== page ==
Job Search

9 Tactics for Looking for a Job
When You Have One

job search

A client of mine recently told me how she was struggling to find the privacy she needed to take calls from recruiters or mangers while she was at work.

And yes, it can be tough to job search without shortchanging your job.

Your current company probably has a policy prohibiting the use of company resources for anything personal, including a job search. Therefore, do not use your company conference rooms, telephones or computers for your job search. You may depart for normal breaks and use personal tools outside of the company offices.

Recruiters and other hiring companies understand that you are honoring your current company’s policies and your commitment to deliver on your responsibilities at work. They will respect you when you state your business ethics — there is nothing like a breach of ethics to turn off a potential employer.

If you execute your job search ethically, even your current company will be a future reference for you. Don’t take risks, and remember there are no secrets at work. We’ve all learned the hard way.

Here are some important do’s and don’ts to keep in mind. Follow these nine tactics to successfully execute a job search while employed.

  1. Be forthright with your destination recruiters and hiring managers. Say something like, “I am employed full-time and want to honor my commitment to not only perform at a high level, but also to avoid conducting my job search on company time or using company resources. Therefore, can we talk during these times?” Then state the windows of time you have and in which time zone.
  2. Do not tell anyone (even your closest co-workers) that you are looking or considering looking. There is no such thing as a secret. And if you’re found out, your management team will consider you disloyal.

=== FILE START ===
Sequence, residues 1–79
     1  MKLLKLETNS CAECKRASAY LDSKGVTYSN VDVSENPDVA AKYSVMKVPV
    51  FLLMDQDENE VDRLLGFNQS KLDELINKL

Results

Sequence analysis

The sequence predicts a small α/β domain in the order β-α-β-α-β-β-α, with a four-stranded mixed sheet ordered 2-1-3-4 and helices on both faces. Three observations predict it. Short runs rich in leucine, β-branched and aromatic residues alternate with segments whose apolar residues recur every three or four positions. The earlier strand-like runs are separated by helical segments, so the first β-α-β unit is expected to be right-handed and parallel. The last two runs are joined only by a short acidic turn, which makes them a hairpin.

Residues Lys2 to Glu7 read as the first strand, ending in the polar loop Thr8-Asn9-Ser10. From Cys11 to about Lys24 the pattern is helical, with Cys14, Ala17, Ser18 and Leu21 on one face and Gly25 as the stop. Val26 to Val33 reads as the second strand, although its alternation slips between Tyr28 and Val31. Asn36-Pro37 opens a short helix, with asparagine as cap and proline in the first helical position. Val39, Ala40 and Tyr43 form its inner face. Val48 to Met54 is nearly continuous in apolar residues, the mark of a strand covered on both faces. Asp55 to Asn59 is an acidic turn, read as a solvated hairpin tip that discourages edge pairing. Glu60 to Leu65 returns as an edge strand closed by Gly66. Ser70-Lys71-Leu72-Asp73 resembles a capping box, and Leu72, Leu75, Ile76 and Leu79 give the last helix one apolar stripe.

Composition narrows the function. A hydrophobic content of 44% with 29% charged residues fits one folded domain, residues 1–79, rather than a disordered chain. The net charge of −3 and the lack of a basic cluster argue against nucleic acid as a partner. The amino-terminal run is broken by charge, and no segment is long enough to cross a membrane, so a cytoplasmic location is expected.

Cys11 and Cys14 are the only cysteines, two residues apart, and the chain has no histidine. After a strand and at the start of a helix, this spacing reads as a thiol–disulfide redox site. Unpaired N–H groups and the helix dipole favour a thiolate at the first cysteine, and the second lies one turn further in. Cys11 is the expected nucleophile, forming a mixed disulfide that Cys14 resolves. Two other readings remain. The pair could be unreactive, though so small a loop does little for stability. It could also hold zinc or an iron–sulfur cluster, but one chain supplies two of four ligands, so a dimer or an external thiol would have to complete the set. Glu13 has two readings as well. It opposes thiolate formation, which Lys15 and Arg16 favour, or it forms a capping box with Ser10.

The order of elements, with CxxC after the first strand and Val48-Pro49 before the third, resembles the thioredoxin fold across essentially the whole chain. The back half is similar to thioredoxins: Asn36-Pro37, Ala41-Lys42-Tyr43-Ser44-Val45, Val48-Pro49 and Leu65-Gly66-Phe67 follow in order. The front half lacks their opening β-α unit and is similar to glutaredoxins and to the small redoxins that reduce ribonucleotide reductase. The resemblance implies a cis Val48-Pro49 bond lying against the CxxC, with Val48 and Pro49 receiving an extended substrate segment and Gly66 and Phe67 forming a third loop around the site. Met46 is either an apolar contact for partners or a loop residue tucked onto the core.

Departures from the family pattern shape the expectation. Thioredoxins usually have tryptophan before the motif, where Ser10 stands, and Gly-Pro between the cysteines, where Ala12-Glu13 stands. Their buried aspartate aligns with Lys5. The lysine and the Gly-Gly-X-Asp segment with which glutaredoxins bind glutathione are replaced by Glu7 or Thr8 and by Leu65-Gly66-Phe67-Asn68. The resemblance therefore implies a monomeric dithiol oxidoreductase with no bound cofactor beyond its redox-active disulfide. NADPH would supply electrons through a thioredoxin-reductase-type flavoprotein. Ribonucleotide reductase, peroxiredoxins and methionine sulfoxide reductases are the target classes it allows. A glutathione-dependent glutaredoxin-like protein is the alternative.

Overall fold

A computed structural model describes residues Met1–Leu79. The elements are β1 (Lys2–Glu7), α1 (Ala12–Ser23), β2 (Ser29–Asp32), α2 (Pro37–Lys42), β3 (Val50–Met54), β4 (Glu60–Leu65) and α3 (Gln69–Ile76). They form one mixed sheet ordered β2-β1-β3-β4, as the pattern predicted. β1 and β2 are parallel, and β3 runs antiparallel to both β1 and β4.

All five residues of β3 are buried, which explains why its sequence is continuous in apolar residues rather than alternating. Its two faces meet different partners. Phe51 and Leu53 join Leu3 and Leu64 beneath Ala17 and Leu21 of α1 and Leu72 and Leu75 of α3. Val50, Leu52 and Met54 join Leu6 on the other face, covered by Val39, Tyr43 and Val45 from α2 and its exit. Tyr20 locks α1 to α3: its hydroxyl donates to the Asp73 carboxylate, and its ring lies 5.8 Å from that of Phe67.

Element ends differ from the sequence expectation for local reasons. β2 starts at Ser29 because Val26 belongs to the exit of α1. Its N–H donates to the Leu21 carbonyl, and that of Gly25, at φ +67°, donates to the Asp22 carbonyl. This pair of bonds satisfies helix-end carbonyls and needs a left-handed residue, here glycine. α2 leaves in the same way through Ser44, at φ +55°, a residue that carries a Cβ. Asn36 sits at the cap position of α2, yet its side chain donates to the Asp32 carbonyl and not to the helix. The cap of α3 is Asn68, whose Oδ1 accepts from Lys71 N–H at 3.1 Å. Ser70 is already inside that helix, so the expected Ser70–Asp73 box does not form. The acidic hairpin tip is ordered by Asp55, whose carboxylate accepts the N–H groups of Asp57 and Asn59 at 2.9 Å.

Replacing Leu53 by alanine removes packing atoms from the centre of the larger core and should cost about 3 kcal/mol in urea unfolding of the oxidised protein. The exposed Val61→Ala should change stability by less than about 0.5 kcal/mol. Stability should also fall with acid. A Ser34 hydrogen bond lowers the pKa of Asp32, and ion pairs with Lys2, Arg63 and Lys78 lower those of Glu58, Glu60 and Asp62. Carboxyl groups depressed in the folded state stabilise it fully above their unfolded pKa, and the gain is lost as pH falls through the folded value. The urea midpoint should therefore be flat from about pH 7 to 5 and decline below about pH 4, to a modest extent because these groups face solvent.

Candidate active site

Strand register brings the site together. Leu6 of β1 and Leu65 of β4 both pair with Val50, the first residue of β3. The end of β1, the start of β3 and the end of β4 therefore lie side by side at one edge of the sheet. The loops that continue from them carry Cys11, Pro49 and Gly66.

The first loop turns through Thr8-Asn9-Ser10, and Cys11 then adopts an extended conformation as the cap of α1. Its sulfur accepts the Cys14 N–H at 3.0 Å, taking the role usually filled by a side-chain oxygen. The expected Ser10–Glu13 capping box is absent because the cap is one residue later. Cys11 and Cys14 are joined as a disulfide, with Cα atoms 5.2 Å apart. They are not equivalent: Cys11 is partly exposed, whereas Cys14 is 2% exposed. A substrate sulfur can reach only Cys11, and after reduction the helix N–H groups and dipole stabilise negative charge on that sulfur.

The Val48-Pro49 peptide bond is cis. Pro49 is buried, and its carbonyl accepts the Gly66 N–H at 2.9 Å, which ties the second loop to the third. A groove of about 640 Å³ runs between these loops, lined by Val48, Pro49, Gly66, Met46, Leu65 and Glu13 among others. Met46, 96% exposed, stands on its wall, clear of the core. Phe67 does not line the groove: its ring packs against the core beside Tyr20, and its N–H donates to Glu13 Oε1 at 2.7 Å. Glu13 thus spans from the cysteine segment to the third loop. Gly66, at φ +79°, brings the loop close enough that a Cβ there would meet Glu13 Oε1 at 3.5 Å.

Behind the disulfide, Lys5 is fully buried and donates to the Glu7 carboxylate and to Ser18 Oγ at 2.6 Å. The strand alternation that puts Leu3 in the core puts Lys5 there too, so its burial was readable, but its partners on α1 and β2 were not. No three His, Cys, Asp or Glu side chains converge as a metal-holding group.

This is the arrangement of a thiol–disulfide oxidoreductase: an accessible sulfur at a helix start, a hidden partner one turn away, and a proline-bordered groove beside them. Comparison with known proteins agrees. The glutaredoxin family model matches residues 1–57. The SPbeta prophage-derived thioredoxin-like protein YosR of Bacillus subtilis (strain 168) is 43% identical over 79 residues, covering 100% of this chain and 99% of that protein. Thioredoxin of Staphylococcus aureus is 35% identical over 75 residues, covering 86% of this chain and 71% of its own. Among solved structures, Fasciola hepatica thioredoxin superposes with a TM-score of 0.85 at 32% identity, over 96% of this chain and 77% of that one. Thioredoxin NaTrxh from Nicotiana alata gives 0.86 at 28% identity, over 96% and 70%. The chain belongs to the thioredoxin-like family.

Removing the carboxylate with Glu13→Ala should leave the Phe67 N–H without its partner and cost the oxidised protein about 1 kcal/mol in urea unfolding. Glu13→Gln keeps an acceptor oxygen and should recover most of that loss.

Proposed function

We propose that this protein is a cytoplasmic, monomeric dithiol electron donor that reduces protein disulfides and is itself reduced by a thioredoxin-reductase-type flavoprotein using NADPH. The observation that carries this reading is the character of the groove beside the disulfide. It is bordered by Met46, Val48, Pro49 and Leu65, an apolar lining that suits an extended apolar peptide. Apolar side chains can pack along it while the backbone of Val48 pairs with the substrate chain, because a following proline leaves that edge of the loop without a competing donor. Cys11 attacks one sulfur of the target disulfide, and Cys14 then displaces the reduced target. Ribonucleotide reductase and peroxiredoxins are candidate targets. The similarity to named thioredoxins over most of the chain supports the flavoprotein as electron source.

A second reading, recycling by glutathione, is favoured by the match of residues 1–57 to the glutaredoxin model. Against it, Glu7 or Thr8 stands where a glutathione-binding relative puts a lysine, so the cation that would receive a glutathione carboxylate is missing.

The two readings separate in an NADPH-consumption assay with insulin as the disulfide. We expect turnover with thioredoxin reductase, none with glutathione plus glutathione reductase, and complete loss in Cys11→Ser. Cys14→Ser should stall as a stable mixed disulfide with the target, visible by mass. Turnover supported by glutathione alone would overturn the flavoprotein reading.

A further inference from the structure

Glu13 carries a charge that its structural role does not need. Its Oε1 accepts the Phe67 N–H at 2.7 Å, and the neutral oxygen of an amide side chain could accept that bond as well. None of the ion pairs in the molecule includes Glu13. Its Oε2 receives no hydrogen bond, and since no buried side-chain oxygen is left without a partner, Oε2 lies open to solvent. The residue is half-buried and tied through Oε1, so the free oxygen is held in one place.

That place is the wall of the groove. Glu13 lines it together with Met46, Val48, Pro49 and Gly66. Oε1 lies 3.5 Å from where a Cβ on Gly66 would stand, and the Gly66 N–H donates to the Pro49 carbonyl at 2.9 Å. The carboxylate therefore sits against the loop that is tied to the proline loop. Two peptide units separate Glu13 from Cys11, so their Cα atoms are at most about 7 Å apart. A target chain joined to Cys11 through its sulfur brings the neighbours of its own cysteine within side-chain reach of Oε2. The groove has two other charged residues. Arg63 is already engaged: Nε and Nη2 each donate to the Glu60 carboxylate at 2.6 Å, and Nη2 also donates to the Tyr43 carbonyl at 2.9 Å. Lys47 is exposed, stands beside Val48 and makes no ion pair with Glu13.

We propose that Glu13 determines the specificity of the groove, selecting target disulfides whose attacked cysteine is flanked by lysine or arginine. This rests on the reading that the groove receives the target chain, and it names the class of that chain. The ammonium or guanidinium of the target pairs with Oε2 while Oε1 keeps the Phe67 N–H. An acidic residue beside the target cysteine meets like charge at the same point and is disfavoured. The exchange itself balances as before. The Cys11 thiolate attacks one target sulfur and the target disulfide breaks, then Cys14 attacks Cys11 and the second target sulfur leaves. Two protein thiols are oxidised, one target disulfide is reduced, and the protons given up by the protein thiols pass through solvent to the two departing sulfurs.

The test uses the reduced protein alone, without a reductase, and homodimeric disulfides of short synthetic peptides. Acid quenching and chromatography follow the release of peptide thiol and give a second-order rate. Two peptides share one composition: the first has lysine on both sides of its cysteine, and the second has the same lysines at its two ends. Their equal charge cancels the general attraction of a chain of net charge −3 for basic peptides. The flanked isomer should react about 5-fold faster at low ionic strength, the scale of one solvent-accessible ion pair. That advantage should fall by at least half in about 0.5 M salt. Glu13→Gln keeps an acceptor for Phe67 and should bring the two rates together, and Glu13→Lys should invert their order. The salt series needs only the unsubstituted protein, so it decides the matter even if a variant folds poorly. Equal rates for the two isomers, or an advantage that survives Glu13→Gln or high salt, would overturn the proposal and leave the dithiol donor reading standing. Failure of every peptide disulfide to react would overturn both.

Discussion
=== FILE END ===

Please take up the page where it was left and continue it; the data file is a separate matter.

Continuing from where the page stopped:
3. Change your LinkedIn settings so everybody does not get notified when you update your profile. To do this, hover over your face in the top right corner. Under “Account & Settings,” click “Privacy & Settings.” Then, under “Privacy Controls,” click “Turn On/Off Your Activity Broadcasts.” You want that box un-checked.
  4. Update your LinkedIn profile. Take the tutorials in the excellent Help Center. You should have a great summary, but it should not say “job-seeking” or “pursuing my next professional opportunity.” Your profile is still viewable by the public, including co-workers and bosses.
  5. Use former employers as references. Simply explain to a prospective employer that you can’t use your current employer as a job reference because you want to keep your job search confidential.
  6. Schedule interviews around your current work hours. Be honest with prospective employers and they will respect your integrity.
  7. Take a personal or vacation day if you need to schedule a batch of phone interviews.
  8. Don’t ever talk disparagingly about your current or any prior employer. Always stay positive and script your answers to the most commonly asked questions such as, “Why are you leaving your current company?”
  9. Write your job search e-mails and thank you notes during your early morning or late evening hours.

About the Author

Dana Manciagli is an executive career coach, keynote speaker and the author of Cut the Crap, Get a Job! A New Job Search Process for a New Era. Find out more on danamanciagli.com.